Graduation should be full of hopes and aspirations, but for many of us, the rugged and sometimes perilous landscape of the twenty-first century job market make graduation caps and gowns look a lot like uniforms of mourning.
The Queen’s administration has recently made efforts in some areas to keep the school name relevant outside of the classroom, like the recent Principal’s Commission on the Future of Public Policy. The commission helps keep Queen’s prominent in the public policy industry, affecting the hiring of recent graduates.
These efforts are direly needed, but the worry that many students feel upon graduating is proof they’re not enough.
To adequately prepare students from all faculties for the new challenges that the ‘real world’ will present them, universities need to introduce resources that will aid with transitioning between environments.
While some degree programs like Commerce are able to reap the benefits of meeting industry professionals during sponsored events, not all faculties possess the time or resources to set up these opportunities.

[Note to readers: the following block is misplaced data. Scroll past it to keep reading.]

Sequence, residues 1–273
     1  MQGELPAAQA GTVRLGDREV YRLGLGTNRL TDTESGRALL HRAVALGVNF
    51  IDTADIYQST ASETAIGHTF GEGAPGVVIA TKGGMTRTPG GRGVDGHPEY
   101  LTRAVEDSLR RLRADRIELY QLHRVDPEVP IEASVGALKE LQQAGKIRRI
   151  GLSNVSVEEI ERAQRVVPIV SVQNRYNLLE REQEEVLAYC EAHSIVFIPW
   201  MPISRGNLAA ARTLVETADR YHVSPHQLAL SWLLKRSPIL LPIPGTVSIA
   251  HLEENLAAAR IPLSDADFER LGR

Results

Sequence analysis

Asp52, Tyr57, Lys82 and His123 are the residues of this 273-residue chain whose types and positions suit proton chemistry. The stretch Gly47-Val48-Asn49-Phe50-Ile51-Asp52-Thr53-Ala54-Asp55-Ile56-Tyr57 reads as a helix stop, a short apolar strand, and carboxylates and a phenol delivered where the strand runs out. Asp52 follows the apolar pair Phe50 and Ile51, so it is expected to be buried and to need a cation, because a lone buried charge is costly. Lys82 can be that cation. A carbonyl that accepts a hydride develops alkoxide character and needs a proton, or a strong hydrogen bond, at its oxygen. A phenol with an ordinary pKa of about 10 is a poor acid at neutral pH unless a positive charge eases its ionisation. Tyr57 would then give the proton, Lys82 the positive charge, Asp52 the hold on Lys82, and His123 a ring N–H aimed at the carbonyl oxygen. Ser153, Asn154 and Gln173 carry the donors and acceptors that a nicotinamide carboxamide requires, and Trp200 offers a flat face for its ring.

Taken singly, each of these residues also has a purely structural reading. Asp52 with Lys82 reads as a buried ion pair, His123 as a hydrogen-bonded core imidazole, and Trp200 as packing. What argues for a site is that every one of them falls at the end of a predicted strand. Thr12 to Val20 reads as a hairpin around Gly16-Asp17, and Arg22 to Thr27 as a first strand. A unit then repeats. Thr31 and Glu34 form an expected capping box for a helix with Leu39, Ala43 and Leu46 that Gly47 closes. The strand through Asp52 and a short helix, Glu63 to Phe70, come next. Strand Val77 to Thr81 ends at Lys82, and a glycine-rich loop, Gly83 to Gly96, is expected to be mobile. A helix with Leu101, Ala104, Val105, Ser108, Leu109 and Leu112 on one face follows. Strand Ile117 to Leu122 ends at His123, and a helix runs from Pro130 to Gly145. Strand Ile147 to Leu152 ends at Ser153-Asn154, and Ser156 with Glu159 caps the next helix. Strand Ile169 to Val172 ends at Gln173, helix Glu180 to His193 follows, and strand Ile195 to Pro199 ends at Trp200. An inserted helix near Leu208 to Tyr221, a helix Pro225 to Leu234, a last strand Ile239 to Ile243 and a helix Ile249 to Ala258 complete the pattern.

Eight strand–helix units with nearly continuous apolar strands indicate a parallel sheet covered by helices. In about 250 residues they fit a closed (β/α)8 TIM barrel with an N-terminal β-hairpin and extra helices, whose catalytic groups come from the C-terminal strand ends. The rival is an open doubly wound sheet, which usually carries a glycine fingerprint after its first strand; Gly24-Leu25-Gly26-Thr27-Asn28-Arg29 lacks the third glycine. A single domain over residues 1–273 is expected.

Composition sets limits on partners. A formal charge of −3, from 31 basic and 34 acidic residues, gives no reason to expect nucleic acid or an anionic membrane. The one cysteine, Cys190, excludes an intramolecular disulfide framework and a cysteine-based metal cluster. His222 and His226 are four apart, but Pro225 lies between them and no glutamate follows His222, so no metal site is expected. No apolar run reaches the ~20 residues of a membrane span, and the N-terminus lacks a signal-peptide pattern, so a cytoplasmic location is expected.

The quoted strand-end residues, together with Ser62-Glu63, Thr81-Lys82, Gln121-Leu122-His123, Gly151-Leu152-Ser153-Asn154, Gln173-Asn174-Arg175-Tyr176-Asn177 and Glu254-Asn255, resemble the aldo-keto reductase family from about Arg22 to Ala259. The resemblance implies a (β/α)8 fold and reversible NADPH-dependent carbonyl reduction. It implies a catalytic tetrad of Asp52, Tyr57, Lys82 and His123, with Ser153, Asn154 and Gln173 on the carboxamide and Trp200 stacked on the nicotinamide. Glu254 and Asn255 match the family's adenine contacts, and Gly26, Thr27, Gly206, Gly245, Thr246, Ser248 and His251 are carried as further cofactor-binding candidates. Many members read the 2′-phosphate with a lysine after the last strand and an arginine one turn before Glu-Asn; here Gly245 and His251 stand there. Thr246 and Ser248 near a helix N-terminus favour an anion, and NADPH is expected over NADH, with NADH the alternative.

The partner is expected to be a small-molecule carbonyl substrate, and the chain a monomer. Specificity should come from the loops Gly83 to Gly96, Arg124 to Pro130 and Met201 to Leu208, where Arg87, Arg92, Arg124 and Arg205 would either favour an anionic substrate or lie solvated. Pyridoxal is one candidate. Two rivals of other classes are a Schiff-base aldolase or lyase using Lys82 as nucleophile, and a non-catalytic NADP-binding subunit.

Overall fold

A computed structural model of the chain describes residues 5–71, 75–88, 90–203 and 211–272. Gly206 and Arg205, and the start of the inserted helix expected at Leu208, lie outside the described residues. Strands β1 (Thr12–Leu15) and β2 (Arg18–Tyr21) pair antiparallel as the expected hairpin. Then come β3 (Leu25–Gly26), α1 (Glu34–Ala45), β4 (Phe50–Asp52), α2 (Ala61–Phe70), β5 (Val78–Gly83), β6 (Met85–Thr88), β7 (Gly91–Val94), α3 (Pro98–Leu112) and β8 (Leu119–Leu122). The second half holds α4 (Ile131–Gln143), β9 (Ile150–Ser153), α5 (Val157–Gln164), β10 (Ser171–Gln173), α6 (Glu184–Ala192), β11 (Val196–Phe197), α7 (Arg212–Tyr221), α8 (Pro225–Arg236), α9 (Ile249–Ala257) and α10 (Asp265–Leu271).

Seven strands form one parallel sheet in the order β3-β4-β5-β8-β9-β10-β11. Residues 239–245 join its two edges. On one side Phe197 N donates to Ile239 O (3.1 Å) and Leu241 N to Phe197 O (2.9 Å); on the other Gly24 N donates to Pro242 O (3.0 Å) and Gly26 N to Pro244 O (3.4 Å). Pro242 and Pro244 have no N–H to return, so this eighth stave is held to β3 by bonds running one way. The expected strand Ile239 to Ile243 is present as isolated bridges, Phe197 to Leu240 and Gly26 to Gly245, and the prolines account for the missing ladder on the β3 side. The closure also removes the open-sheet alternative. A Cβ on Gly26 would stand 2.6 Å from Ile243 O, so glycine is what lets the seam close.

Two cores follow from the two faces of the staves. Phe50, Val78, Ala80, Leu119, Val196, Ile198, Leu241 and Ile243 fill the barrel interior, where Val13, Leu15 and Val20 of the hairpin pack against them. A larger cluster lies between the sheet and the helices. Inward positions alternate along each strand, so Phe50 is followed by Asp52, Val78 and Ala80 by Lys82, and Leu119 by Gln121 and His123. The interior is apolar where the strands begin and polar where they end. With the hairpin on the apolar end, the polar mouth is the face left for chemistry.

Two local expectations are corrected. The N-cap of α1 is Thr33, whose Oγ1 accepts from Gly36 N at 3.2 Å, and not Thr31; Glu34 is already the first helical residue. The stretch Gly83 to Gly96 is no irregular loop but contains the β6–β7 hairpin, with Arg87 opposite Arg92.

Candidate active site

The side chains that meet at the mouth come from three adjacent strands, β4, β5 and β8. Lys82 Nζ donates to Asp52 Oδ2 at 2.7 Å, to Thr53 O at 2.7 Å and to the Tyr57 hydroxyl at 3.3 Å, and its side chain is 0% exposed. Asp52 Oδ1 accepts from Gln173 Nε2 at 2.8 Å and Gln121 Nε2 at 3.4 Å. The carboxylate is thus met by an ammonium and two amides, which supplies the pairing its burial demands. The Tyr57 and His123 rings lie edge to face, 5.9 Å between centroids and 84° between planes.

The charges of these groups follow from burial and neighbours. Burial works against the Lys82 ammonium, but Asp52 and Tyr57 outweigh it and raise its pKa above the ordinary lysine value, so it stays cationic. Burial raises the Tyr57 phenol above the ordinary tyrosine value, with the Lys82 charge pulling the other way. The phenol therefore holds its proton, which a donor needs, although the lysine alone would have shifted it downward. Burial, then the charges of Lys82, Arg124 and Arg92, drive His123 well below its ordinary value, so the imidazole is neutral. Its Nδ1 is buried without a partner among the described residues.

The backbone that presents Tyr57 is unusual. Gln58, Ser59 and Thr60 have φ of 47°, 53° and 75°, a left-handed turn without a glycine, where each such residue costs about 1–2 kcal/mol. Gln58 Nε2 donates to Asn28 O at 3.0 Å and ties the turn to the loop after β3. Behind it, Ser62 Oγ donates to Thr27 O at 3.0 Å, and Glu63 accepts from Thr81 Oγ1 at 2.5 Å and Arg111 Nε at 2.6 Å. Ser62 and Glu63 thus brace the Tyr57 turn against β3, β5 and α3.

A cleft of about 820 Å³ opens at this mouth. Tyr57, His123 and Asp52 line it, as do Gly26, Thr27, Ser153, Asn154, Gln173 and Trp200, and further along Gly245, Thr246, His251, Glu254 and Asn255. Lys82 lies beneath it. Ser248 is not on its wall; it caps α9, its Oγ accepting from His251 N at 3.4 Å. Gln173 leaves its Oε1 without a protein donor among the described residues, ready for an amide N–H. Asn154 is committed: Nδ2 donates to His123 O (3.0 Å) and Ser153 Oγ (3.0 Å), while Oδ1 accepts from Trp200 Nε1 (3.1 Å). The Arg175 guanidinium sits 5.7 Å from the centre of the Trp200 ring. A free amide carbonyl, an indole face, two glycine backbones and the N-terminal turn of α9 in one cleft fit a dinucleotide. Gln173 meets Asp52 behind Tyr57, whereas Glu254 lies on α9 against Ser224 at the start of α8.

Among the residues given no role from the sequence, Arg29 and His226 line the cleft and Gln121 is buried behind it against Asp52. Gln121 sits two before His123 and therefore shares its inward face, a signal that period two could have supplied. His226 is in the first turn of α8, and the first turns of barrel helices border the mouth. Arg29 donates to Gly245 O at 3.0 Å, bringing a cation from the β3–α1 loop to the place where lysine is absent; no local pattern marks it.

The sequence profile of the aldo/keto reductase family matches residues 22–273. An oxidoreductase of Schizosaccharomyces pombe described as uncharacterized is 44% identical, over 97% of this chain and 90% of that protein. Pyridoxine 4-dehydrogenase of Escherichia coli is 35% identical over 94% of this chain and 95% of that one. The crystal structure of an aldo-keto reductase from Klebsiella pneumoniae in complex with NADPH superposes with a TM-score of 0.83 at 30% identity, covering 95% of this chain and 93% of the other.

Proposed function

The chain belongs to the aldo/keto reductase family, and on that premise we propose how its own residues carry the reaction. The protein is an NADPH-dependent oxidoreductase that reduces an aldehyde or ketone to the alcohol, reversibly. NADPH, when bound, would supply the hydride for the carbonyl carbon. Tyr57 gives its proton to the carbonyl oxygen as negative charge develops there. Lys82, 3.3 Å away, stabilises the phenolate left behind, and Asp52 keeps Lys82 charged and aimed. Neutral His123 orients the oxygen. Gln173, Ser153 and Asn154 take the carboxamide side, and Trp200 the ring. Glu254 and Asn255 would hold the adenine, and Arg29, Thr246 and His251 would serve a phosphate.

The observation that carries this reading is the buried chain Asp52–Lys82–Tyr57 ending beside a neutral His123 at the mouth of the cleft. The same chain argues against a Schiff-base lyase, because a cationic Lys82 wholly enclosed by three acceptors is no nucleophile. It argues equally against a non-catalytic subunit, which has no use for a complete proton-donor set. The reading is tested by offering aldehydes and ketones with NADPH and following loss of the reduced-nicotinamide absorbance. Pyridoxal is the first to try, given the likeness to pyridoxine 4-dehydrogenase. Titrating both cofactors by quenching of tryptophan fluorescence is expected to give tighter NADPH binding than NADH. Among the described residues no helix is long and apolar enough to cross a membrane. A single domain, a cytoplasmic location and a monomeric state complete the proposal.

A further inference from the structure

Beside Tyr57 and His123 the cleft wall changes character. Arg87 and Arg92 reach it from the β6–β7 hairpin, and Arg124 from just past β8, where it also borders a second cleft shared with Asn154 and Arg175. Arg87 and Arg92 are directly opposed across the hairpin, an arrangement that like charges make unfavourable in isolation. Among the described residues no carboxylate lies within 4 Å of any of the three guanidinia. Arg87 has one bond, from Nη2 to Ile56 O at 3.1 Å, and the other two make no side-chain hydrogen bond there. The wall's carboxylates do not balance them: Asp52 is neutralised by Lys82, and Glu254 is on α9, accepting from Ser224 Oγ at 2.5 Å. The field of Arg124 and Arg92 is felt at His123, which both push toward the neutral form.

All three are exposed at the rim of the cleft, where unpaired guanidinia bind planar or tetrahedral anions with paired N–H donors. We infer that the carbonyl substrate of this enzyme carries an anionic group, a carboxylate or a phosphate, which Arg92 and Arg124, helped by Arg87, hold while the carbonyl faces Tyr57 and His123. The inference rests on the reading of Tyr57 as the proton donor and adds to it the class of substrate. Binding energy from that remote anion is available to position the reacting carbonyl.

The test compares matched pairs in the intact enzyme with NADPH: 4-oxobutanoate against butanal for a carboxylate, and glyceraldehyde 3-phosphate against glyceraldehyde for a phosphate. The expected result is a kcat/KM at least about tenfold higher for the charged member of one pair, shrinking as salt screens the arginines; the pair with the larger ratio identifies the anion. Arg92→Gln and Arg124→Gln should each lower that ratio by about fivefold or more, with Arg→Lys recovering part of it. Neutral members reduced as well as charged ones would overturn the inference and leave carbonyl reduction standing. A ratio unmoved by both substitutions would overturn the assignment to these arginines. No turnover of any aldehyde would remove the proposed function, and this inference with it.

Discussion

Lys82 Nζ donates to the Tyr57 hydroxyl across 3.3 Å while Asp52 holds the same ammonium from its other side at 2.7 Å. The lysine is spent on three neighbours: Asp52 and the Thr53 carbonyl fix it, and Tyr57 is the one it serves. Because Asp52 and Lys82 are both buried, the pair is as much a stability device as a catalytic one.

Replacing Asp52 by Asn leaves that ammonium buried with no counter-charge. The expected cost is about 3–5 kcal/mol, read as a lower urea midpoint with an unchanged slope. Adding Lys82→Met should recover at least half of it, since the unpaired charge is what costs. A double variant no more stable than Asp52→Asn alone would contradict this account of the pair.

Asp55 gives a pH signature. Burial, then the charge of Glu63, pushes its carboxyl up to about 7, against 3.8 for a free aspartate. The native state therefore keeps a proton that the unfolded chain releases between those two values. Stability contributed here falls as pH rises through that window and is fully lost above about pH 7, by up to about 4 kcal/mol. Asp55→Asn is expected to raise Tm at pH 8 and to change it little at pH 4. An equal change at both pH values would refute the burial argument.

Adapting to the increasingly difficult job market for university graduates would be made easier by more formal employment opportunities being set up through the university.
Queen’s has always gone to great lengths to accommodate, support and welcome new students to the university environment each year, they can afford the same for those leaving.
There is no existing post-degree road map for college graduates of any faculty, even those who’re given more opportunities before leaving campus.
For some, the idea of moving away from Kingston to try and find a job in a field — which may have changed drastically since they entered school — can be daunting to say the least.
This doesn’t have to be the case. Whether in a classroom as an elective or through the help of a specialized ‘transition officer’, Queen’s has the ability to do more for their graduates. As the University has shown through its recent addition of another vice principal position to their administrative team, they have the capacity for more helping hands in the education process.
If Queen’s is serious about having their name in the world beyond campus, helping the newest class of Queen’s alumni have a name of their own in the world is the best way to do it.
Blake is The Journal’s Assistant News Editor. He is a fourth year Global Development Studies student.
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